12 Managed Care Organizations Amerigroup Mr. Paul Bechtold Baltimore City, A.A. 857 Elkridge Landing Road Director, Provider Relations Balto.,Montgomery, Linthicum, MD (410) and Prince George=s (410) Fax (410) Counties Exec: Don Gilmore, COO Chesapeake Family First Ms. Barbara Spence Statewide except (United Health Care of the Mid-Atlantic, Inc) (410) Garrett 6300 Security Blvd. Fax (410) Baltimore, MD Exec: Robert Sleshner Helix Family Choice, Inc. Lyse Wood Baltimore City, A.A Sandpiper Circle, Suite O Provider Relations Baltimore, Carroll, Lutherville, MD (410) Harford, Howard (410) Fax: (410) Counties. Exec: Peter Mongroo, President JAI Medical Systems, Inc. David Burke Baltimore City, 5010 York Rd. Director, Provider Relations Baltimore County. Baltimore, MD (410) Exec: Hollis Seunarine, M.D. Fax: (410) Maryland Physicians Care MCO Mr. Tom Sommer Statewide except 7104 Ambassador Rd. Suite 100 (410) Caroline, Dorchester, Baltimore, MD Fax: (410) Kent,Prince George s, (410) Queen Anne s, CEO: Raymond Grahe Somerset, Talbot, Wicomico and WorcesterCountie Priority Partners MCO Ms. Denise Quandt Statewide except Baymeadow Industrial Park VP of Provider Relations Garrett County 6701 Curtis Court (410) Glen Burnie, MD Fax: (410) (410) COO: Cynthia Demarest Revised October 12, 2001 Chapter 3 - Medical Asssitance Recipient Eligibility Page 12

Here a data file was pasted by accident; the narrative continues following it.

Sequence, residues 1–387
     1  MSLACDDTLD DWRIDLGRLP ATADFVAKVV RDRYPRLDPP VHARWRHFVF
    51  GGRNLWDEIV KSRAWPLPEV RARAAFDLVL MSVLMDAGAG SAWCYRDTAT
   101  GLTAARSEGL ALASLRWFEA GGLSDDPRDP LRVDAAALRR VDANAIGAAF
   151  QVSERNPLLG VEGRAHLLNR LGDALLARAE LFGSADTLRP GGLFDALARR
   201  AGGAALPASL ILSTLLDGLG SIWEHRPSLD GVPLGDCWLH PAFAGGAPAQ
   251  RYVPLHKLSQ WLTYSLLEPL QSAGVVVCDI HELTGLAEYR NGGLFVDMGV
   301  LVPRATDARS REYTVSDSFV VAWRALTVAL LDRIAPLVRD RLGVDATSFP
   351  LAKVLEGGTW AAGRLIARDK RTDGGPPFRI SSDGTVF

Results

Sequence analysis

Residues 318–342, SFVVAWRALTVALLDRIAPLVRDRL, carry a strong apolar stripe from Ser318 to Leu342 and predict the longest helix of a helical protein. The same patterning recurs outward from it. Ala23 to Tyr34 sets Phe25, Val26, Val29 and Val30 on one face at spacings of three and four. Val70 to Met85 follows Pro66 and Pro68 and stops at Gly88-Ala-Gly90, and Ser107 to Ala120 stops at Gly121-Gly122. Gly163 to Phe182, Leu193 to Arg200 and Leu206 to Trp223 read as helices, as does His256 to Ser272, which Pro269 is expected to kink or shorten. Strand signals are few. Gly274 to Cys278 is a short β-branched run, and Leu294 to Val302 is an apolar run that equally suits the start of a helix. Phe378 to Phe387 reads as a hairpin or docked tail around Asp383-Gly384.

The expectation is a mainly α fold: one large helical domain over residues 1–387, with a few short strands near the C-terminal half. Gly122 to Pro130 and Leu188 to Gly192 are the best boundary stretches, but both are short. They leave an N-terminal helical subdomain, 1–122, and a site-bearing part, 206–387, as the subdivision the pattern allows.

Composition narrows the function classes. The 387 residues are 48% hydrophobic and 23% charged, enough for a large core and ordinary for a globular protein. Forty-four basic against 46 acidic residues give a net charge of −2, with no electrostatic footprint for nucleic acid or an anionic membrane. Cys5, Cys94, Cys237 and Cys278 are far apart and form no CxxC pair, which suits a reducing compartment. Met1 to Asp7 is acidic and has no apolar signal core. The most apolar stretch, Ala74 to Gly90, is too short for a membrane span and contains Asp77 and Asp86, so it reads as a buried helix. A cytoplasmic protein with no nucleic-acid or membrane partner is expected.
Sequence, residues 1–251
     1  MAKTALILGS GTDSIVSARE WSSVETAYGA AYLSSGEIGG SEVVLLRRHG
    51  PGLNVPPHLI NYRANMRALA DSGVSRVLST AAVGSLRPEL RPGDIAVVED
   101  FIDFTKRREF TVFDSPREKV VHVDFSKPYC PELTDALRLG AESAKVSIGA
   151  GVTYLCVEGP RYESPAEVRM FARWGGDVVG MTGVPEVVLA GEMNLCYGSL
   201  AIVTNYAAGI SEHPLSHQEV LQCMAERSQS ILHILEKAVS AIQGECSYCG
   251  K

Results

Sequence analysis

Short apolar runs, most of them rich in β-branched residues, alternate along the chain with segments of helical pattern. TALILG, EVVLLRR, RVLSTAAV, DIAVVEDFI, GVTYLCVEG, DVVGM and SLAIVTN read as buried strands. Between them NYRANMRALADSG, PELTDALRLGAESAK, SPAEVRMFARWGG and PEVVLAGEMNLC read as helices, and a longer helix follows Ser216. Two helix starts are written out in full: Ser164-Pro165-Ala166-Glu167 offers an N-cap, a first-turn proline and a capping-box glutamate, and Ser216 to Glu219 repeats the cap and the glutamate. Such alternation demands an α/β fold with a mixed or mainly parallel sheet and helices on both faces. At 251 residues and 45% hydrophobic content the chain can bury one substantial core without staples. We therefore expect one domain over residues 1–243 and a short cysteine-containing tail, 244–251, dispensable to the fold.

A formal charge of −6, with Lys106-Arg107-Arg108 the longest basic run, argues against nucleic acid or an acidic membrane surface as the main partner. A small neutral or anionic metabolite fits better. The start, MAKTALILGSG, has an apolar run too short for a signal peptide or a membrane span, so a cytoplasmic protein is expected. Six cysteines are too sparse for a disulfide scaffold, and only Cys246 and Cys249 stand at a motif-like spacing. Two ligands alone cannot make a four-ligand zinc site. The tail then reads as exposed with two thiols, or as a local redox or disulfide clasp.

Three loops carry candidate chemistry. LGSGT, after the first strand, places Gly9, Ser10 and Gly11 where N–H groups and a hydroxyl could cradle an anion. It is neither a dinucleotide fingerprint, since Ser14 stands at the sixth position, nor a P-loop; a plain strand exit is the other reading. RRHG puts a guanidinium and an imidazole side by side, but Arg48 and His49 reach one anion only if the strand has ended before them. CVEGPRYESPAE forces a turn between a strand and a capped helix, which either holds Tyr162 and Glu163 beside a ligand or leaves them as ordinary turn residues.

13 Covered Services The MCO=s are responsible for providing all Medicaid covered services excluding the following, which are paid fee-for-service by Medicaid: Χ Χ Χ Χ Χ Χ Χ Χ Χ Χ Χ Abortion Services - MCO=s are responsible for related services performed as part of a medical evaluation prior to the actual abortion. Aids Drug Therapies - Limited to Protease Inhibitors, Non-nucleoside Reverse Transcriptase Inhibitors and viral load testing. Healthy Start Case Management Services IEP/IFSP - Individual Education Plan (IP) or Individual Family Services Plan (IFSP). Medically necessary services that are documented on the IEP or IFSP when delivered in schools or by Children s Medical Services community based providers. Medical Day Care Services Nursing Home/Long Term Care Facility Services - After the first 30 consecutive days of care. Personal Care Services Rare & Expensive Case Management Services (REM) - Recipients are eligible based on one of the diagnoses listed in COMAR (See REM information in Appendix C) Recipients receive all State Plan Medicaid services on a fee-for-service basis. Specialty Mental Health Services - Including inpatient admissions to Institutions for Mental Disease (IMD). These services are payable through the Administrative Services Organization, Maryland Health Partners. For information, call Stop Loss Case Management (SLM) - A recipient participating in a MCO which does not self insure becomes eligible for the Stop Loss Case Management Program when his or her paid inpatient hospital services exceed $61, At that point, the Program pays 90% of inpatient charges, while the MCO pays the remainder. Once SLM eligibility is in effect, the recipient is also eligible to receive case management and additional services available through the REM Program. Transportation Services - MCO=s may, however, be responsible for transportation services which are not covered by fee-for-service Medicaid. Recipients are linked by their MCO to a primary care physician or clinic, and must obtain all services except the above through their MCO. The recipient=s primary care physician or clinic will give referrals for specialty care. However, the following services must be reimbursed by the MCO without a referral: Revised July 15, 1999 Chapter 3 - Medical Assistance Recipient Eligibility Page 13